Predictions gone wrong!

The collection of quotes I present below illustrate how managers, scientists and academics often fail to free themselves from paradigms. As Peter Ustinov said “If the world should blow itself up, the last audible voice would be that of an expert saying it can’t be done”.
The list was too big therefore I decided to break it up in 2 parts. Have fun.

“I have traveled the length and breadth of this country and talked with the best people, and I can assure you that data processing is a fad that won’t last out the year.”
The editor in charge of business books for Prentice Hall, 1957

“I think there’s a world market for about 5 computers.”
Thomas J. Watson, Chairman of the Board, IBM (around 1948)

“The ‘telephone’ has too many shortcomings to be seriously considered a means of communication.”
Western Union Internal Memo, 1876

“Who the hell wants to hear actors talk ?”
Harry M. Warner, Warner Bros, 1927

“There is no reason for any individuals to have a computer in their home.”
Ken Olsen, President, Chairman and Founder of DEC, 1977

“Heavier-than-air flying machines are impossible.”
Lord Kelvin, President, Royal Society 1895

“640K ought to be enough for anybody”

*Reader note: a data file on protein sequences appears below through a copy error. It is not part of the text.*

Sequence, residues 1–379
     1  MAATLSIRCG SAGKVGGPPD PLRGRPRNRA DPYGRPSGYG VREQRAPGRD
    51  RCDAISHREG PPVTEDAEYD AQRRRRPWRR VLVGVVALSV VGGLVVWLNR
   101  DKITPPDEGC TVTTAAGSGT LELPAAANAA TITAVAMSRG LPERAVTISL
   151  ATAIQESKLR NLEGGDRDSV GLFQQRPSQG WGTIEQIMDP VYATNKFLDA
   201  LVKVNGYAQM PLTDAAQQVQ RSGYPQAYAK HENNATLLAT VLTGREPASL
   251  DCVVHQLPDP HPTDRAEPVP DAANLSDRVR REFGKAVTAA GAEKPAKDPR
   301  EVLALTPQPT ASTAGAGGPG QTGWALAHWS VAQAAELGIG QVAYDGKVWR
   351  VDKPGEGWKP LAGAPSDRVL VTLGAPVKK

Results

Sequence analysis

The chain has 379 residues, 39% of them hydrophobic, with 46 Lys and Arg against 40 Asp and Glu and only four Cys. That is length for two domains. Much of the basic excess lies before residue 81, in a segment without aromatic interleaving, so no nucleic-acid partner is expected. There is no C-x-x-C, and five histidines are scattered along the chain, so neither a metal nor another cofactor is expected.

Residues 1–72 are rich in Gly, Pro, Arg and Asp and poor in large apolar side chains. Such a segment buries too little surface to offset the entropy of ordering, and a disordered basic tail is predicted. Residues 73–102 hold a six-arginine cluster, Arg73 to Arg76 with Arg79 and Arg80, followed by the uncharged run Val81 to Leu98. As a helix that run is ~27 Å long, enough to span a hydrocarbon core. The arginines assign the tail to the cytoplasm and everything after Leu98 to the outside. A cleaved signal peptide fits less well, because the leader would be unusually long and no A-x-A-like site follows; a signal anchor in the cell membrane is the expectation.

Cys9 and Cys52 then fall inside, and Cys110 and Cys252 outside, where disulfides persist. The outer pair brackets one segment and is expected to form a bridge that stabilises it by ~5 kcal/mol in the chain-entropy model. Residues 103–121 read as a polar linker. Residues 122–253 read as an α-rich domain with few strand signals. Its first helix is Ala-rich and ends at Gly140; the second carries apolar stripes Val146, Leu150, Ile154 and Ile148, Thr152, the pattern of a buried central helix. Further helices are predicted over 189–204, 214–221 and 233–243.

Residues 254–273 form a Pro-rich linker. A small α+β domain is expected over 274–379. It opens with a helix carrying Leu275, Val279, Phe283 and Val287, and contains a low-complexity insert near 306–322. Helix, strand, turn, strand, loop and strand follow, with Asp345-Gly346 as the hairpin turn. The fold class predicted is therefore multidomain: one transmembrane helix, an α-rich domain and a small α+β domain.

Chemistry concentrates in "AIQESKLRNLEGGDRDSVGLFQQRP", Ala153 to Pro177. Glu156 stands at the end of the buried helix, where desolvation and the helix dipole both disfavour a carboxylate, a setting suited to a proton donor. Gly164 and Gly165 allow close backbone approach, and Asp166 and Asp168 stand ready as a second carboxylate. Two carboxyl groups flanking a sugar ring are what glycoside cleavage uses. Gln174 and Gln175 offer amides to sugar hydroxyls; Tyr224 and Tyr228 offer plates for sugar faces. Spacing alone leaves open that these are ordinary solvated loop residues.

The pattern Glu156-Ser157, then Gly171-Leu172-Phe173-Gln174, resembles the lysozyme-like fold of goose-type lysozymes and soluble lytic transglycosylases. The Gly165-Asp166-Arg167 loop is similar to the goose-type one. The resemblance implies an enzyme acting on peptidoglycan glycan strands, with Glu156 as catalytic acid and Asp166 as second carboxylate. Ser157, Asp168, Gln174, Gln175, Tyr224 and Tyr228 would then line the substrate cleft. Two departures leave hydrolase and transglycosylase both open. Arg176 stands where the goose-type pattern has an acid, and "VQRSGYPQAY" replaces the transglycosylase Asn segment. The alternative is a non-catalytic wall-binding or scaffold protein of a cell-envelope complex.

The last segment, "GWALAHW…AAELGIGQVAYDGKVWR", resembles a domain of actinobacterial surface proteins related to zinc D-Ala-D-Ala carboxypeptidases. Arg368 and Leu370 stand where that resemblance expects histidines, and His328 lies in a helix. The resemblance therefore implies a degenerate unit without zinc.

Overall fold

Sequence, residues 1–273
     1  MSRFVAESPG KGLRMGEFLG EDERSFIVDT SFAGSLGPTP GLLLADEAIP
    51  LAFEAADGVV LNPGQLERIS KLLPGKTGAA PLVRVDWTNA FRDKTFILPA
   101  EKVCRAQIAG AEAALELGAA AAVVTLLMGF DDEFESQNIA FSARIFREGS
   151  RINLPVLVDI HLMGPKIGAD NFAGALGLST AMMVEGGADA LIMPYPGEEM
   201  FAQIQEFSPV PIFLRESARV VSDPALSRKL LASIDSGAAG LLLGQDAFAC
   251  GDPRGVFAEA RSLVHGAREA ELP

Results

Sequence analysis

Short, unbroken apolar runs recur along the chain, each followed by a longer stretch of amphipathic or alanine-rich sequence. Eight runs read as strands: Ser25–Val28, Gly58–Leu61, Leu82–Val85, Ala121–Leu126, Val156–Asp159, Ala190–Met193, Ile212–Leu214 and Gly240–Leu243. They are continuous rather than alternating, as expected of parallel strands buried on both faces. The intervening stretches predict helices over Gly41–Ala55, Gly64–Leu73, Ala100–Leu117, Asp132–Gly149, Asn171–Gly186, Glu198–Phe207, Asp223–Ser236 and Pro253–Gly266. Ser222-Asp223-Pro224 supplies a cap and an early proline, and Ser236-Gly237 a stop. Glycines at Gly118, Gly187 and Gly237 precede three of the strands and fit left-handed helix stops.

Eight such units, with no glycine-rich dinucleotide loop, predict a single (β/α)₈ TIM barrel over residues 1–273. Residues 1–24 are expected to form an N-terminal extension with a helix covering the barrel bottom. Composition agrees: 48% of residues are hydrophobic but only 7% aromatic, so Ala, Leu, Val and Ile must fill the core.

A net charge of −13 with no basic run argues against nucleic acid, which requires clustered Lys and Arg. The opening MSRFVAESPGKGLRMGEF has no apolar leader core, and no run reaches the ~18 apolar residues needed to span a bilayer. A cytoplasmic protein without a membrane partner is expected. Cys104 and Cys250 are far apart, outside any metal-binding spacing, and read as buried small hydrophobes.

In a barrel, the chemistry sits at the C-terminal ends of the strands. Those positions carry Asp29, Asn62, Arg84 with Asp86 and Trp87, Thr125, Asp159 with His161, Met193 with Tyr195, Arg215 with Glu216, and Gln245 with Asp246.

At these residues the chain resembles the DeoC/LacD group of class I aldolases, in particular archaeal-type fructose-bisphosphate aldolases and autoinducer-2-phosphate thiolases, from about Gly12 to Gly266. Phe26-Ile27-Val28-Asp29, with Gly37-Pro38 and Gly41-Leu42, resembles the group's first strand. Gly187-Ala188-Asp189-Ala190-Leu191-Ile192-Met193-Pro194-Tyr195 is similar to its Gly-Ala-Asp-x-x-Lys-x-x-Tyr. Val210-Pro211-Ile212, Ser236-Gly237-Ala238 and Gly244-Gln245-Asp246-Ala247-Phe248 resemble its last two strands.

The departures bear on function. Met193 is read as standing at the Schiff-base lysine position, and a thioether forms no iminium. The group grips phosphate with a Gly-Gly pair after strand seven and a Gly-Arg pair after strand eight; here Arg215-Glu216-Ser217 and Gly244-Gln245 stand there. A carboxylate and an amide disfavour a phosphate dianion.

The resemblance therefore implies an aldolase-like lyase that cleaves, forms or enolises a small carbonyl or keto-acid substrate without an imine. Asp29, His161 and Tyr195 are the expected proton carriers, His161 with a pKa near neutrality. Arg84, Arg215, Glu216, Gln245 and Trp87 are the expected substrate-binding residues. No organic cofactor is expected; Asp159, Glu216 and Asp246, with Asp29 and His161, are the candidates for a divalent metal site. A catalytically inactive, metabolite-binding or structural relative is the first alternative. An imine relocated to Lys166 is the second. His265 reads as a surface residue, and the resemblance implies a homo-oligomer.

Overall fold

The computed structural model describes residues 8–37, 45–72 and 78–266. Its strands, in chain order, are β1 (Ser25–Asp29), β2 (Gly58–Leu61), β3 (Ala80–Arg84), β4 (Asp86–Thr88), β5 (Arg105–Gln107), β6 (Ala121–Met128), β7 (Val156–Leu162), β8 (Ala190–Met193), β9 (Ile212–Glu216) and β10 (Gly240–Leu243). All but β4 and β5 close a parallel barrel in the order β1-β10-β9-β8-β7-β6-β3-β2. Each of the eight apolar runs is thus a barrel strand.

Bill Gates, 1981 (Bill Gates did deny the statement)

“That is the biggest fool thing we have ever done. The bomb will never go off, and I speak as an expert in explosives.”
Admiral William Leahy. (Advice to President Truman, when asked his opinion of the atomic bomb project.)

“We don’t like their sound, and guitar music is on the way out.”
Decca Recording Co. rejecting the Beatles in 1962

“The problem with television is that the people must sit and keep their eyes glued on a screen; the average American family hasn’t time for it.”
The New York Times, after a prototype demonstration at the 1939 World’s Fair.

“With over 50 foreign cars already on sale here, the Japanese auto industry isn’t likely to carve out a big slice of the US market.”
Business Week, August 2, 1968

“Everything that can be invented has been invented.”
Charles H. Duell, Commissioner, U.S. Office of Patents, 1899

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